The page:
III. We find no evidence of changed circumstances since the divorce was granted which justifies changing custody of the younger boy from his mother to his father and a juvenile probation officer jointly. Such a change is not shown to be for the welfare of either boy. These two brothers should not be separated and lose the benefit of constant association with each other. See McKay v. McKay, 253 Iowa 1047, 1053, 115 N.W.2d 151, 154, and citations. Nothing appears in the younger boy's conduct which calls for placing his joint custody in a probation officer.

Defendant lives in one room in Oskaloosa, eats his meals in restaurants, and drives back and forth daily to his work in a packing plant in Ottumwa, 25 miles or more away. He is not in position to provide Dana as good a home nor as adequate supervision as his mother is. Defendant and his counsel have conceded as much; also that defendant does not desire the boy's custody.

Defendant testified, "My desire is to have the decree modified so there will be specific *645 times at which I will be permitted visitation * * *. * * * I am not really capable to give a boy what he needs in life * * *." His counsel stated, "He never has contended he wanted custody of the boy. I think his position (is) he'd rather see the boy at home if he were treated properly."

The older boy insists he wants to continue living in his mother's home. The younger boy left there and, as indicated, went to live with a Mrs. McMains and her five children, ages 5 to 17. He had stayed there about six weeks at the time of the hearing on the application for modification. Mrs. McMains is employed outside her home, and the children are largely on their own, during the day. The two oldest McMains boys have been in trouble which brought them into juvenile court. Defendant has paid Mrs. McMains nothing for Dana's board and room. There is no evidence the McMains home is suitable and the trial court observed he knew nothing about it. He also observed he was confident the boy would return to his mother's home within a reasonable time if a change in his custody were ordered.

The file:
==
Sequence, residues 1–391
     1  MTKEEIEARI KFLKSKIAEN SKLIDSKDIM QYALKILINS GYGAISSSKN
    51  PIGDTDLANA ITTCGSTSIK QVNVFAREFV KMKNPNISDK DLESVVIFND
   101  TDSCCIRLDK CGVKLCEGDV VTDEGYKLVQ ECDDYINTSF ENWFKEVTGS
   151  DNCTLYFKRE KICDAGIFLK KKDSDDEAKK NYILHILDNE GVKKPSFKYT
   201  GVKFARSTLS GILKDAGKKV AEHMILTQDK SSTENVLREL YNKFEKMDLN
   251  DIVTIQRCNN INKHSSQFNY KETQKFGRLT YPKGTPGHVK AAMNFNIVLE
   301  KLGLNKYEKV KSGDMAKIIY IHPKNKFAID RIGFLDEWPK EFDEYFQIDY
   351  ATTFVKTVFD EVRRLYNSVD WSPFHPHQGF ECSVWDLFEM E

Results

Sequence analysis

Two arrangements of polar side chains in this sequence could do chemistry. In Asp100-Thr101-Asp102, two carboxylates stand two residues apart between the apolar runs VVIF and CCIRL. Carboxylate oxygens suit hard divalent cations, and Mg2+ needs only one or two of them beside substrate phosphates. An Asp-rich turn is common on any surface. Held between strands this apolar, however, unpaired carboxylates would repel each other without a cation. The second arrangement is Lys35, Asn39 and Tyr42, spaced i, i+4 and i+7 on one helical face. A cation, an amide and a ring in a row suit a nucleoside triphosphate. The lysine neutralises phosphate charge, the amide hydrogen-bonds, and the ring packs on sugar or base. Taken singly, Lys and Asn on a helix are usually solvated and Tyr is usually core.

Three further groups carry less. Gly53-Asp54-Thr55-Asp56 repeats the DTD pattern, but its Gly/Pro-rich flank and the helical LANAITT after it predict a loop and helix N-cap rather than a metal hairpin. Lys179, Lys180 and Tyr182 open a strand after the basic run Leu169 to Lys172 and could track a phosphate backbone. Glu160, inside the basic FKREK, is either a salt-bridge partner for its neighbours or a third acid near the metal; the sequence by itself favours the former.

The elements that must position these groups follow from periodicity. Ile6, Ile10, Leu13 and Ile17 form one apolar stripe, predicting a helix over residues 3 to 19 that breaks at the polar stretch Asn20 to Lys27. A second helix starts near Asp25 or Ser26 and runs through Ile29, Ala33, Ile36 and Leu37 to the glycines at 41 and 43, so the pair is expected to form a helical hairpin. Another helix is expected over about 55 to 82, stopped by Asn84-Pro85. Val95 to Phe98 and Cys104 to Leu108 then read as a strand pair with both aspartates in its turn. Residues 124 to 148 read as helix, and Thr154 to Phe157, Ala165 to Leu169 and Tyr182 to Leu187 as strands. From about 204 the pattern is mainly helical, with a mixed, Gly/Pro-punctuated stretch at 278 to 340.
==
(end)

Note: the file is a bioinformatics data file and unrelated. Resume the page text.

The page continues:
The younger boy left plaintiff's home to live with the McMains, with whom he was not well acquainted, because he resented treatment he received at home. We are not persuaded the treatment is shown to have been unreasonable or to justify his leaving home. One of the boys, probably the older, although the record does not clearly so show, left plaintiff's home and went to live with defendant seven months because his mother wouldn't get him a motorcycle. The boy who was denied this luxury apparently no longer resented the denial at the time of the hearing. The boy was probably better off without the motorcycle.

Plaintiff has worked steadily since the divorce was granted as well as during a good share of her married life. She earned $50 a week take-home pay at the time of the hearing. How much she earned at the time of the divorce does not appear. She carries hospital and life insurance for each boy. She seems to be thrifty and a better manager than defendant who says he owes "about everybody in town."

IV. Evidence of changed financial conditions since the divorce was granted is not persuasive. Such changes as are shown can hardly be said not to have been contemplated by the court, or more than temporary, or of a substantial nature.

Defendant testified at the hearing his average take-home pay was about $60 a week and when the divorce was granted it was "around $70." As stated, his application for modification alleges his take-home weekly pay was about $65. No records were offeredonly estimates and approximations. Twenty-eight days after the divorce was granted the court found defendant's take-home pay was approximately $60 per week. This finding was in an order declaring defendant in contempt for willful violation of the decree in more than one respect.